Ridge's description of Wynalda applies to you as well it seems.

  4. Paul Johnson replied, April 19, 2017 at 1:27 p.m.

    I'm guessing you are a young person Tyler Dennis. Given the lack of civility and oozing entitlement in your tone. The point of the article is to reflect on past FAILURES in trying to establish Professional Soccer in this country. It is the context of where we are today. If you have a couple of Billion Dollars and a better way go for it....

  5. Fire Paul Gardner Now replied, April 19, 2017 at 7:32 p.m.

    No what we call success if a 22 team league playing mostly in brand new stadia with games on national TV every week ($90m a year TV deal) and average attendance over 21k. A league plenty of rich successful people want to pay $150m each to join. That is unqualified success when you look at where the sport was in this country was 20+ years ago. And if MLS is supposed to be paying me for saying this, I'd like to know where they are sending my checks!

  6. Wooden Ships, April 19, 2017 at 11:23 a.m.

    Good read Ridge. I too have lived the years you've described and we have made many strides. Some things I like others not. I don't like turf, period. I don't like our schedule and its non alignment with the international calendar and I don't like the seemingly indoor carryover of the too physical play (which could be alleviated with the disciplinary committee, owners and the league). Need as best as we can to reinforce the technical player and that style of play. Referees ultimately call the game the way the aforementioned three want it. We no longer need to sell the bone crunching action to try and win fans. Ugly is now passé. Still, however, is a longstanding concern of developing truly quality-skilled players with the ball, when kids are only getting touches in organized practices.

  7. beautiful game, April 19, 2017 at 11:48 a.m.

    I' in full agreement with Wynalda's opinions. IMHO, MLS progress in "quality" is at a snails pace. Having three or four players on a team that can make things happen and execute falls far too short when contributions of field players (teammates) is mediocre at best. The "big foot" mentality of the defenders far overshadows that of defenders with confidence. How many times do I watch head balls go back and forth multiple times between the teams when chesting it is the best option. How many times one witnesses players self-inflict pressure situations when they should be avoiding it. Eric talks about lack of quality, not world class quality. Finding the right balance between efficacy and simplicity is key to quality soccer. In addition, I have to grill most of the MLS commentators for exiting reality, i.e., a sub comes in and the commentator opines, so and so is a goal scorer...scored fours goals in 32 games last season...simply laughable.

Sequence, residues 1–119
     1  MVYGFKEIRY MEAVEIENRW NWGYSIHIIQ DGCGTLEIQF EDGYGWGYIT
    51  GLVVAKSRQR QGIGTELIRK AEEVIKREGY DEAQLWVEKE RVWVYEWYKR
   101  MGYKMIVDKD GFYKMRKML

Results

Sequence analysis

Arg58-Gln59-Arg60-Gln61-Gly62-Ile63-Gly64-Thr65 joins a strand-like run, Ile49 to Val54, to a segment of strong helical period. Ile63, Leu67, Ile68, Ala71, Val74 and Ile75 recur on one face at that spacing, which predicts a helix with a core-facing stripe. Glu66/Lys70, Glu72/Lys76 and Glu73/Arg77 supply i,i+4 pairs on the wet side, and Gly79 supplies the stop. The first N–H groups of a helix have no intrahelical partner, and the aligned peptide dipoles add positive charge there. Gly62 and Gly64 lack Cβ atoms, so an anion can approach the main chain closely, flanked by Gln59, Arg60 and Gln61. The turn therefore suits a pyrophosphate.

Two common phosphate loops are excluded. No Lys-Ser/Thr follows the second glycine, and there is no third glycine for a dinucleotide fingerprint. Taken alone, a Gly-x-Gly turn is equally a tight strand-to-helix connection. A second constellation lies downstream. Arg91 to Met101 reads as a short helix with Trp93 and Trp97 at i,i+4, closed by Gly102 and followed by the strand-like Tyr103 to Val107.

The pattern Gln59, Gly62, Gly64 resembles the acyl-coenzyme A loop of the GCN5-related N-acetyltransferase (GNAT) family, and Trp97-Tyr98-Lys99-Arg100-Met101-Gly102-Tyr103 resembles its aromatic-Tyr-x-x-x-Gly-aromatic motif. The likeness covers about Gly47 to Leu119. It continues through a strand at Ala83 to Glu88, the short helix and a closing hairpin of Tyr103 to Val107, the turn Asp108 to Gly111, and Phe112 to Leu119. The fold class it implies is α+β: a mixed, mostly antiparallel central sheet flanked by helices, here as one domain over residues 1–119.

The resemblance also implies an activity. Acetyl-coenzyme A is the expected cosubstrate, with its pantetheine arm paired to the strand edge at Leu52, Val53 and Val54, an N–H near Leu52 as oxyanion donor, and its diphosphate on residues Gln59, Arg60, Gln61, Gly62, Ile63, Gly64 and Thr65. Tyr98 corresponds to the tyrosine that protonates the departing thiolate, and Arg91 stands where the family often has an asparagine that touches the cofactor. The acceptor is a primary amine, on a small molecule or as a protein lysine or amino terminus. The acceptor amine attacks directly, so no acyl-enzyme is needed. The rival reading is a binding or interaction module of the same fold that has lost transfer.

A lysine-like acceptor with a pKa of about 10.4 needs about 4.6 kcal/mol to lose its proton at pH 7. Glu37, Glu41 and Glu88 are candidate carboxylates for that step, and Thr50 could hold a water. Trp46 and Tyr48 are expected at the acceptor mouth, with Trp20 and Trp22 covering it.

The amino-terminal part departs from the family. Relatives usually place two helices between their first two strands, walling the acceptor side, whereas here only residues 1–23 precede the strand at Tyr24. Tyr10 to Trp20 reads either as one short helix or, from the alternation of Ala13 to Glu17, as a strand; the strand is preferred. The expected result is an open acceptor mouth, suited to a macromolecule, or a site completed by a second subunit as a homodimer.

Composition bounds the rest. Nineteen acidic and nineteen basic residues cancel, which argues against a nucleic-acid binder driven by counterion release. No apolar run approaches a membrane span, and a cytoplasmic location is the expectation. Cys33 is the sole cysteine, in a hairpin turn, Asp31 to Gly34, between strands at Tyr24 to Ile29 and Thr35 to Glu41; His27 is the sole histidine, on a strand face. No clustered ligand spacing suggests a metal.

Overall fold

8. Wooden Ships replied, April 19, 2017 at 12:18 p.m.

    I w, while I appreciated some of what Ridge covered, I do agree with EW and his analysis. I'm a generation before him and we did long for pro-rel, even before the NASL. Not sure today's soccer fans are the purists needed to really push for that model. We (the US) have a reluctance to believe that we don't know what's best. Couple that with most everyone growing up with single entity, the alternative seems unnecessary. Regarding player quality, ball skills, it can be measured geologically. We have tons more playing but very few breakout players. We rarely even see more than a couple in the top 10 MLS scoring at seasons end that aren't foreign.

  9. Ben Myers, April 19, 2017 at 11:50 a.m.

    WE(???) haven't figured it out??? How about the void (or is it a vacuum?) in leadership provided by Sunil Gulati and friends? They are always chasing the money, a decent endeavor in itself, while paying scant attention to the improvements needed in the hodge-podge non-system of player development in this country.

  10. Allan Lindh, April 19, 2017 at 11:55 a.m.